A hospital is more than a place where people go to heal….it is a part of the community that fosters health and represents hope. From providing treatment and comfort to the sick, hospitals are central to a healthy and viable community. “National Hospital Week, first and foremost, is a celebration of people,” Ed Hannon, Chief Executive Officer of Bates County Memorial Hospital, said. “We’re extremely proud of each member of our staff and we recognize the important role they play in extending a sense of trust to our patients and our communities.”
National Hospital Week dates back to 1921 when it was suggested by a magazine editor who hoped a community wide celebration would alleviate public fears about hospitals. The celebration, launched in Chicago, succeeded in promoting trust and goodwill among members of the public and eventually spread to facilities across the county.
Bates County Memorial Hospital salutes its hospital and family care clinic staff, healthcare providers and volunteers for their commitment to our patients and community. With an annual payroll of over 12 million dollars and over 300 employees and contracted staff, the hospital is a major contributor to the economy of our area. During National Hospital Week, we celebrate the history, technology and dedicated professionals that make our hospital a beacon of confidence and care.
The history of healthcare in Bates County began in 1926 when Mrs. S.C. Stayton, in response to the great need in the growing city, rented a two-story house at 107 S. Havana Street and opened a hospital. She furnished five upstairs rooms for patient use and local doctors furnished an operating room. The first patient was admitted on June 17, 1926. Mrs. Stayton was manager, and for the first year, the citizens of Butler paid for a registered nurse. Within a few months, it was necessary to convert the first floor into patient rooms.
In 1932, Mrs. Stayton convinced the City to purchase property for a new hospital. She built the Butler Memorial Hospital in memory of her late husband. The building was two stories high and had a daylight basement. It was located at the corner of Maple and College Streets. This hospital opened June 23, 1932. In 1943, the City of Butler purchased the building for $20,000. Many additions and improvements were made over the years, but by the late 1950’s, it was apparent that a larger, more modern facility was needed.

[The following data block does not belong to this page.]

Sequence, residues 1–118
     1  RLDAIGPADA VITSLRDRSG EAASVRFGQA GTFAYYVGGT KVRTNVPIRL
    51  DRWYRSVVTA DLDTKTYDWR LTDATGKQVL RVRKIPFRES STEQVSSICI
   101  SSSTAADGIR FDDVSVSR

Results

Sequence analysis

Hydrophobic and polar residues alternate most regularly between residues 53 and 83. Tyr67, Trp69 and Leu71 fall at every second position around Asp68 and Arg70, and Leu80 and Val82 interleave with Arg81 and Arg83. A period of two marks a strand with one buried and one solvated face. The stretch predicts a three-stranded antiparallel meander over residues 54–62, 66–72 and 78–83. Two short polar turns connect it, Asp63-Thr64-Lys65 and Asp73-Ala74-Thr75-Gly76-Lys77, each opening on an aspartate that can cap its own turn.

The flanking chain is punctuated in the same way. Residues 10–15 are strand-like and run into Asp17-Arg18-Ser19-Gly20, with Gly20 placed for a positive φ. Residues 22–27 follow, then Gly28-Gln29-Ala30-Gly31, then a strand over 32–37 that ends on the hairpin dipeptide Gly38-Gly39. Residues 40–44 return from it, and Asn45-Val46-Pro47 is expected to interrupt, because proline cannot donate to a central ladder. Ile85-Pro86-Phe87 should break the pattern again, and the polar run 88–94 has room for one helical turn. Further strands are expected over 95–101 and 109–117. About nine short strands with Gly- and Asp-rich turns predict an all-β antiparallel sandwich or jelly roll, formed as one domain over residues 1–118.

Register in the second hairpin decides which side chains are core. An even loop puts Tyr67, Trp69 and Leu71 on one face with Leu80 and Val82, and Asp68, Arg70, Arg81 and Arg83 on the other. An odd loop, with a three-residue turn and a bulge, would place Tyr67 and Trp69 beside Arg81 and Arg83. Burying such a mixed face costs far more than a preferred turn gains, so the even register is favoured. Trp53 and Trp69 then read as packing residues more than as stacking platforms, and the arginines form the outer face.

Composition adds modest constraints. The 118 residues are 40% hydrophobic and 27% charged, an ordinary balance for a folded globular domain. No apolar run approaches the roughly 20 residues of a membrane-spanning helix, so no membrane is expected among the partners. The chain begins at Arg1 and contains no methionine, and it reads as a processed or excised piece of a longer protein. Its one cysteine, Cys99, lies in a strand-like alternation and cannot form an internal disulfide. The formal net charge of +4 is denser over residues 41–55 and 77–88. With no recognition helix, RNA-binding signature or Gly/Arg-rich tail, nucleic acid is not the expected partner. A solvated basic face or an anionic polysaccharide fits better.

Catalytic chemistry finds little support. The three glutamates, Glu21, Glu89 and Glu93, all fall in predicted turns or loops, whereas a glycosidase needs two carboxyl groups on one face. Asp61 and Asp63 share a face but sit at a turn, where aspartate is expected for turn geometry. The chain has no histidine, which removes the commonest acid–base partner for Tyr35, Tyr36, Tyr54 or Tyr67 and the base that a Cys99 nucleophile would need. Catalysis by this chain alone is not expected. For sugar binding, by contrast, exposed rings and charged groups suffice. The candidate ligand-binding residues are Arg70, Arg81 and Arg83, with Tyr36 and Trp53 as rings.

Early in the year of 1957, the State Division of Health adopted new rules and regulations for the operation of hospitals in Missouri. Unless costly improvements were made very soon, Butler Memorial Hospital was in danger of losing its license. Thousands of dollars would be needed to satisfy these new laws. Included in the laws were costly fire prevention regulations, and many, many safety rules. It was decided that a new county hospital should be built. A mass meeting of some 200 interested citizens was held at City Hall. It was a lengthy meeting, beginning at 8:00 p.m. and ending at midnight. The main speaker at the meeting was Arthur L. Wood, Secretary of the Butler Memorial Hospital Board. He gave a detailed account of the conditions of Butler Memorial Hospital. At that time, the hospital was admitting an average of 1,400 patients each year, and between 65 percent and 70 percent of these patients lived outside the residential limits of Butler.